Today was St. Patrick’s Day, a holiday I had completely forgotten about until Jafta stumbled into the living room at about 11:30pm last night while we were watching SNL. “Can I help you guys hide the gold coins?” he asked. The WHAT? “The gold coins. I know the leprechauns aren’t real. I know it’s you, like Santa. So I want to help you. I can make the leprechaun trap, too.” We told Jafta to go to bed and then looked at each other with exasperation. Gold coins? A leprechaun trap? Is he serious? When I was a kid we celebrated St. Patrick’s Day by wearing something green. THE END. I had noticed that over the past few years, our kids were getting some grander ideas from school. But I didn’t think that we needed to replicate these experiences at home. Apparently, the children believed that we did. All of them woke up and came into our room like it was Christmas morning.
Did a leprechaun visit? Can we search for him? Did he leave a pot of gold? Let’s go find the gold coins! I bet he left chocolate!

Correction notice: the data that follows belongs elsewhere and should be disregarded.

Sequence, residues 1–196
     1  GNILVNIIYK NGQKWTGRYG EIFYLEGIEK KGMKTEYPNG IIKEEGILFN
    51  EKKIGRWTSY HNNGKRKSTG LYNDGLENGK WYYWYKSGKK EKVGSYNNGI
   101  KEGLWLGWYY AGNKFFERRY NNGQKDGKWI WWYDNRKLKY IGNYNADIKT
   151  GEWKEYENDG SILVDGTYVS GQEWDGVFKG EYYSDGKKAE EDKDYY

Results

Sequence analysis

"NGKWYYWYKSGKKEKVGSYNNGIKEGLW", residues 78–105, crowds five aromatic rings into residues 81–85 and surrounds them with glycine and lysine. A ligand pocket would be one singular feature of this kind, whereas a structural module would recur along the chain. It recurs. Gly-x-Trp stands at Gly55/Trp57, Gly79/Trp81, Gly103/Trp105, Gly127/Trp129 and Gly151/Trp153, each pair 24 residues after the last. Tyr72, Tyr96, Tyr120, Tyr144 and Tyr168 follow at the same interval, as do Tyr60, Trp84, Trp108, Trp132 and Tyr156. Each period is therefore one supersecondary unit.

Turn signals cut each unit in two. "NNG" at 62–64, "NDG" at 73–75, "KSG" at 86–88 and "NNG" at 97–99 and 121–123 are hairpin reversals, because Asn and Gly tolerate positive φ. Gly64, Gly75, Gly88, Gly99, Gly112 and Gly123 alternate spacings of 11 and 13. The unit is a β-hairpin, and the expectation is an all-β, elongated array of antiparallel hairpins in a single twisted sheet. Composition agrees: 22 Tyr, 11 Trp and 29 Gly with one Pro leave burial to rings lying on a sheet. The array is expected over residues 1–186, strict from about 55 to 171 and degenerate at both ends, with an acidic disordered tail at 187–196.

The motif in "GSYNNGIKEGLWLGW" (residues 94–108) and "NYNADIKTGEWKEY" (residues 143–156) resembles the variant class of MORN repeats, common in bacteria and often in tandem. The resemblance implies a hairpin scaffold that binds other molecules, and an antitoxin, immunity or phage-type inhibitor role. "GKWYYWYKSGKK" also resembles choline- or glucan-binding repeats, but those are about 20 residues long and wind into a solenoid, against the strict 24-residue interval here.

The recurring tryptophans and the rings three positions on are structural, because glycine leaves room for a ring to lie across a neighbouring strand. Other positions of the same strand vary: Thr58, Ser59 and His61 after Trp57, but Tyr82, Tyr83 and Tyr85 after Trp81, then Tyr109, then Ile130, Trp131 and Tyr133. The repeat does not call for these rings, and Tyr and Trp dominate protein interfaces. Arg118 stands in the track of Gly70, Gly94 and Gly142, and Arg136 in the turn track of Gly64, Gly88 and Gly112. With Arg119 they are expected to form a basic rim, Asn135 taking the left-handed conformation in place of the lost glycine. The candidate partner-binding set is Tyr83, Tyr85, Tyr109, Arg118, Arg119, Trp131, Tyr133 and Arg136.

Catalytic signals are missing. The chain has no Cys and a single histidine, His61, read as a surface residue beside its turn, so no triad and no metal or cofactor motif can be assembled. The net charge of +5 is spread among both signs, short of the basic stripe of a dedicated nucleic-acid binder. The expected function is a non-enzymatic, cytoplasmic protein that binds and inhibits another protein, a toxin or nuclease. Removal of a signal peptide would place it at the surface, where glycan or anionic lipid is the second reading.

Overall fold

So. Many. Expectations. All of which were dashed. I had four seriously disappointed and grumpy kids on my hands. At one point India went into full-blown meltdown mode, kicking random items in her room and yelling about what a LAME HOLIDAY this was. And in my overly-tired impatient state, I might have yelled back, “YOU’RE RIGHT. This IS a lame holiday. It was never my favorite. All we did was wear green. That’s all we’re doing today. I’m sorry if you do more at school. That’s not what we do here. I don’t know where you are hearing this stuff but it’s not happening here.” People. St. Patrick’s Day is supposed to be a “phone-it-in” holiday. Yes, I’ve turned into a bit of a grinch, but SERIOUSLY WITH THE HOLIDAY OVERKILL. As if Christmas wasn’t already hard enough as a parent, someone also decided that we have to move an Elf around every day, into creative tableaus? And then someone else decided that the Advent Calendar was A Thing beyond a simple religious observation and now involves some kind of gift each day leading up to Christmas? And less than a month after having survived that whole mess, we’ve got Valentine’s Day which has became The New Halloween, because God forbid you send a simple store-bought card. You’d better include some candy or your child will be shunned. Shunned! One of my kids came home with not just a candy from each class, but a WHOLE FREAKING GOODIE BAG from each student. Hey, overachieving parent who started this goodie bag trend . . . I’ve got a message for you. It’s a homemade Valentine card that Karis made. I’d originally pulled it out of the rotation, but I’d like to use it now. And then, I think I’ve got a break for a month BUT NO. Surprise! We’ve got 100 Days of School to celebrate. And by “celebrate” I mean the kids sticking 100 things on a hat. And by “the kids” I mean me. And suddenly Pi Day is a thing? My children expect to be served pie because someone at school told them so? And Dr. Suess’s birthday and Johnny Appleseed Day . . . all things I didn’t even know existed but am now being asked how we’ll be celebrating at home. And do not even get me started on what Easter has become. When I was a kid my mom went to the store and bought us a new dress and a pre-made plastic Easter basket for $8.99. THE END. There was candy and we loved it. Maybe we would die some eggs from a kit sitting in the check-out lane at Target. They would look like crap. Now we’ve got to leave footprints from the Easter Bunny and make artful, Pinterest-worthy eggs with stencils and ikat prints and probably some that are hombre. I don’t like the feeling of disappointing my kids. But I refuse to give into this holiday overkill. I’m overwhelmed enough as it is. Today I gave all of my kids a bath. We read with each of them for the recommended 20 minutes. We reviewed our Math Facts. We practiced guitar. We sat together at the table and ate a meal that was NOT procured at a drive-thru. We played outside. Most days, I’m struggling to achieve all these things. I can’t have these haphazard, once-monthly overblown holidays take over my life. I can go big for Christmas and Easter. That’s all I can handle. But I can’t do this alone. Fellow parents . . . teachers . . . sunday school workers . . . I beseech you. BRING IT DOWN A NOTCH. Y’all are setting up expectations that I just can’t maintain. Wouldn’t we all be just a little happier if we returned to the slacker days of store-bought valentines and kit-dyed eggs and JUST WEARING A GREEN SHIRT AND CALLING IT A DAY? For the sake of overwhelmed parents like me, I beg you. Stop the madness. ADDENDUM: Obviously this post has struck a nerve with many of you . . . according to my stat counter, about one out of every four readers shared this on facebook, so I guess I’m not alone in my overwhelm. But some commenters have taken offense, so I want to add some clarification: I am not judging what other moms do in their home or asking that everyone stop celebrating/crafting/creating in whatever way they find fulfilling. You like doing Elf on the Shelf? Great! Knock yourself out. I’m not trying to tear you down. This post was about what’s being presented in public – at school, church, etc. I’m not passing judgment but rather sharing my own process. It wasn’t an “us vs. them” but more of a collective plea that we all (myself included) simplify a bit in terms of what we do in public spaces. This wasn’t about finger-pointing at a certain demographic of moms (with the exception of the inventor of the goodie bag WHICH WAS A JOKE), but more of a “we’re all in this together, let’s simplify!” manifesto. Trust me, I have been prime offender at going overboard. (Obnoxious homemade Valentines? Guilty as charged!) Please don’t read this as another mommy war because that wasn’t the intention. I don’t care what other moms do at home – just sharing my exasperation at the expectations that my kids have based on the things presented to them in our culture. Ultimately this was a critique of American culture, not of other mothers. This post was meant to be a funny, sarcastic lament OF MY OWN LIFE, heavy on the sarcasm and hyperbole. If it doesn’t resonate, no big deal. If you are feeling offended, that wasn’t my intent. But it might be wise to consider why the offense is there, and in what ways we all (myself included) might be contributing to a culture in which mothers feel like the need to “do more” is distracting from the main event: quality time with our kids.